“My name is Uthian,” I told them. “I have lived for the past ten thousand years in the city of Xuxu.”

“You lie,” Ghan Karr said. His grip on the handgun loosed, and he slipped it back inside his holster.

The woman said sweetly, “Uthian the Unmatched? Is this whom you claim to be? Uthian, who stole the immortality fluid of Paloranis?”

The tall man started at that, and now he scowled, for the first time seeing me as a threat. His eyes drifted sideways toward the woman.

“What do you think, Marga?”

“His skin is white, as was the skin of Uthian long ago. His hair is golden, as was the hair of Uthian. His garments—” She broke off and shook her head.

The short man grinned. “Uthian was a master swordsman. Let this one prove his swordsmanship on me.”

“Next to myself, Evran Dekk, Ghan Karr is the finest blade in all the guild,” the tall man Smiled coldly.

“No Sword can match my own,” I answered. “If Evran Dekk fights better than does Ghan Karr, then I shall prove myself with Evran Dekk.”

“No,” said Marga. “You shall fight Ghan Karr.” The short man laughed and leaped, his sword appearing in his hand as if by magic. There was no avoiding its point without drawing my own steel.

As Alan Morgan, I was never one to avoid a discussion with swords. As Uthian, I was just as willing to let the blades whisper back and forth. My steel came out and parried the blade stabbing for my vitals.

The ease with which I slid from the parry into the riposte made the shorter man gasp. Confidence is ever the foe of any fighting man. My point dipped into Ghan Karr’s sword-arm and slashed a path through skin and sinew.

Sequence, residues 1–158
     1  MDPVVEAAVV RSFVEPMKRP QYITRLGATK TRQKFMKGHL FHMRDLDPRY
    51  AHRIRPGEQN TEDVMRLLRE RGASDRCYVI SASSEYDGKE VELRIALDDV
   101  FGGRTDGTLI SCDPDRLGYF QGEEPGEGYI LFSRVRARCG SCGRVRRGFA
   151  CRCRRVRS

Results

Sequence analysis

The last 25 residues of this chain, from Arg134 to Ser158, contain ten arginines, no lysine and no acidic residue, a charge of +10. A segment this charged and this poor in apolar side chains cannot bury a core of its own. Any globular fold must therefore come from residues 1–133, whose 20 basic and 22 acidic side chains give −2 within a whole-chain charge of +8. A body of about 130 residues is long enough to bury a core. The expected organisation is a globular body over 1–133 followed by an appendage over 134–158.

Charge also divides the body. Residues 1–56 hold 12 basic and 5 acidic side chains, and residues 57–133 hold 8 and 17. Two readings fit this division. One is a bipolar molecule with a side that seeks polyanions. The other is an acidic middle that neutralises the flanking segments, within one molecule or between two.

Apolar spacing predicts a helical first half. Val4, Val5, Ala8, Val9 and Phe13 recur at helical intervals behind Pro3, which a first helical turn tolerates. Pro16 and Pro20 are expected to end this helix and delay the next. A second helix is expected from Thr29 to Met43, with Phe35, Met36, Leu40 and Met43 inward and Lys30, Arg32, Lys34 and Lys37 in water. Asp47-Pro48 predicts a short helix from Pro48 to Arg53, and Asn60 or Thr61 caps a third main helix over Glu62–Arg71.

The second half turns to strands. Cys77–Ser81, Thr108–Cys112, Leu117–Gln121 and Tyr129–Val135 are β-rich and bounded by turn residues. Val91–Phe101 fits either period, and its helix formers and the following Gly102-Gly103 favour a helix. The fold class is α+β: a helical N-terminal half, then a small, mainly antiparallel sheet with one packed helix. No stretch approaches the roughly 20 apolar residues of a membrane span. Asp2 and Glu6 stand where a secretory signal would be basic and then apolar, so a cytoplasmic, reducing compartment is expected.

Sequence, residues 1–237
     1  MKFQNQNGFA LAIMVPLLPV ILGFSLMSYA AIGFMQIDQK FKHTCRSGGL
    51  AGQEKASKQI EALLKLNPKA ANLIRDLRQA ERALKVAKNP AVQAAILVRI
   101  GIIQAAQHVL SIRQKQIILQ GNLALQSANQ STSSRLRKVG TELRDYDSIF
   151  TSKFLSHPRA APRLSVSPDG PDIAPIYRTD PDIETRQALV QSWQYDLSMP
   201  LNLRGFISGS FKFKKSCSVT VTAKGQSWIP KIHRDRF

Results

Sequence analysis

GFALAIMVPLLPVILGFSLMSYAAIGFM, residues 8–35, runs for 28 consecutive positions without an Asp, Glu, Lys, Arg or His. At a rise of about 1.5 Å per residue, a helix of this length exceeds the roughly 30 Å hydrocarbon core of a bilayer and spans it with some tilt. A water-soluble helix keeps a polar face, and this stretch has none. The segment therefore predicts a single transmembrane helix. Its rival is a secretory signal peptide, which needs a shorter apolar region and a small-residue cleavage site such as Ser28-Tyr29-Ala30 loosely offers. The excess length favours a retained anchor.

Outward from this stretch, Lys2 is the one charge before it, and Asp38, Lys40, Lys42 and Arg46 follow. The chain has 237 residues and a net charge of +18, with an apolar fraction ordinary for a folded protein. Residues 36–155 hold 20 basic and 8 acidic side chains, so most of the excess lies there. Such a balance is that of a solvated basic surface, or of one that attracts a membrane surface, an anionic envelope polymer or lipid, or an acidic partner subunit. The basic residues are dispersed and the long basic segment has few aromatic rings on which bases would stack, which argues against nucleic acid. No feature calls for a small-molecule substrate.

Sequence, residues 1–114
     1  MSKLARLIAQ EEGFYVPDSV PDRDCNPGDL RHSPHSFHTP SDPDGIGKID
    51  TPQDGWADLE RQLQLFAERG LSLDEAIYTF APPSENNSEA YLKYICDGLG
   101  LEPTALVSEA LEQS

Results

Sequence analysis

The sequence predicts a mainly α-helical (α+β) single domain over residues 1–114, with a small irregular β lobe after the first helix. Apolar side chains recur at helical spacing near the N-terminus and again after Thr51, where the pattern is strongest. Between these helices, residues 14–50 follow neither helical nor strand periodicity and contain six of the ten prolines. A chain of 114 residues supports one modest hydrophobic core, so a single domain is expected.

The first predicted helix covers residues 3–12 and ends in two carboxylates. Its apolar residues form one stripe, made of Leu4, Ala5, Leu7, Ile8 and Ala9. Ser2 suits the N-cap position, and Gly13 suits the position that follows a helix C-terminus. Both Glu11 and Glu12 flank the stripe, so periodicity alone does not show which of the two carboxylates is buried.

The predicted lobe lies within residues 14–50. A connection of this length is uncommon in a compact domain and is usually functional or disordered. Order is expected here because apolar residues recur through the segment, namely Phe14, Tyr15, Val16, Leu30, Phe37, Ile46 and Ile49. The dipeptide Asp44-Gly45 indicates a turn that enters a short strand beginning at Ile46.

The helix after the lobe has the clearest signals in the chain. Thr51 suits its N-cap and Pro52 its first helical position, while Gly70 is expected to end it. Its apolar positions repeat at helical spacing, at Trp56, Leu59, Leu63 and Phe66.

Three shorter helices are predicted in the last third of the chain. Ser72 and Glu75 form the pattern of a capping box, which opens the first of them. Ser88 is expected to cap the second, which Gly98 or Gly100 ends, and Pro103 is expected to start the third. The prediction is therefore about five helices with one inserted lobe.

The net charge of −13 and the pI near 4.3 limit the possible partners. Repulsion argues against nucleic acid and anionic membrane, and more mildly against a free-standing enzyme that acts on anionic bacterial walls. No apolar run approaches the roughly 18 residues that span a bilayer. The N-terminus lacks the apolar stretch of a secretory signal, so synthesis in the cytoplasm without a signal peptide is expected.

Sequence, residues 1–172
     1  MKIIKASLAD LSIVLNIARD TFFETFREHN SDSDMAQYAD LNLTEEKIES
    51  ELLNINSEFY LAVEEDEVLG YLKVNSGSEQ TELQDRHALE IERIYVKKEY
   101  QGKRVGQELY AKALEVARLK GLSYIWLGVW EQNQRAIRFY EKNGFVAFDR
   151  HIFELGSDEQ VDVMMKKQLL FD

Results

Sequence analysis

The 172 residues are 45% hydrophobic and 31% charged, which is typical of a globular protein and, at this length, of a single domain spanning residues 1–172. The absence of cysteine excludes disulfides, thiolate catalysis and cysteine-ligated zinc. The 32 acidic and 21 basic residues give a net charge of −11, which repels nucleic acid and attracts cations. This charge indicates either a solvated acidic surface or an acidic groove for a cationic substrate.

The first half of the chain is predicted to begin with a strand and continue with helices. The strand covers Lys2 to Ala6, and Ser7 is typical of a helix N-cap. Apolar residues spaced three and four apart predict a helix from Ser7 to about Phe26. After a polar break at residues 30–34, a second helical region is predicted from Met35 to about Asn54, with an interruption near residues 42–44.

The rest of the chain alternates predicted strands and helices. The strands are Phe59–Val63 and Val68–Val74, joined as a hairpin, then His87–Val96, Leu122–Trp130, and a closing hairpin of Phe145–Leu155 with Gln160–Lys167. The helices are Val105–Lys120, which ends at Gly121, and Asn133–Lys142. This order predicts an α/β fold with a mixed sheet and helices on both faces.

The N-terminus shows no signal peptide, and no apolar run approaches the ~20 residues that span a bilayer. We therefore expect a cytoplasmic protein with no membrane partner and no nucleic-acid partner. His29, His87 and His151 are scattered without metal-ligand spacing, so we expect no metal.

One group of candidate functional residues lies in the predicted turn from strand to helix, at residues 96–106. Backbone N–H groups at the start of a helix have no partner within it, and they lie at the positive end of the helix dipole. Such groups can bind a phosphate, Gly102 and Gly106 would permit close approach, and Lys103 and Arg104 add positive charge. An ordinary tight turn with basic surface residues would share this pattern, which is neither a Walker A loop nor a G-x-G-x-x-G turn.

His sword clattered on the floor. With his left hand clapped over his bleeding wound, he stared at me, lips drawn into a snarl. “You tricked me! I wasn’t ready for . . .” His voice trailed off when I laughed at him.

“Any man who comes at Uthian with a sword naked in his hand must be ready for anything—even death if it be the will of Uthian to slay him.”

I shook my blade so the drops of blood on its point made scarlet spots on the tiles, and looked beyond those red flecks at Evran Dekk. There was challenge in my stare, and the pride which Uthian himself would feel if his ability with the steel were disputed.

“Well?” I asked. “Does Evran Dekk hide behind the word of a woman?”

Marga had forbidden Evran Dekk to test my swordplay, choosing Ghan Karr as her warrior. Ghan Karr had put up no fight at all. Did they think that the riposte with which I wounded him was luck?

The thin man flushed and his sword rasped from its scabbard. He did not fling himself upon me as Ghan Karr had done. His attack was a slow, deliberate one. Our blades touched, quivered and fell away to touch again. It was as if he would explore my ability before committing himself.

Laughter came into my throat. “Cold one, this is not the way of Uthian. To Thulun with your slowness”

My blade blurred as I moved it. Evran Dekk skipped back but I was after him, laughing, taunting him, making my steel a web that twisted about his blade like a vine that clung. My wrist yanked—and the sword came upward out of Evran Dekk’s hand to fly high through the air. It clattered almost at the feet of Marga.

Over the fallen sword her green eyes blazed. There was shock and disbelief on her beautiful features, and a faint hope. She bent and lifted the blade and when Evran Dekk would have taken it from her, she put it behind her back.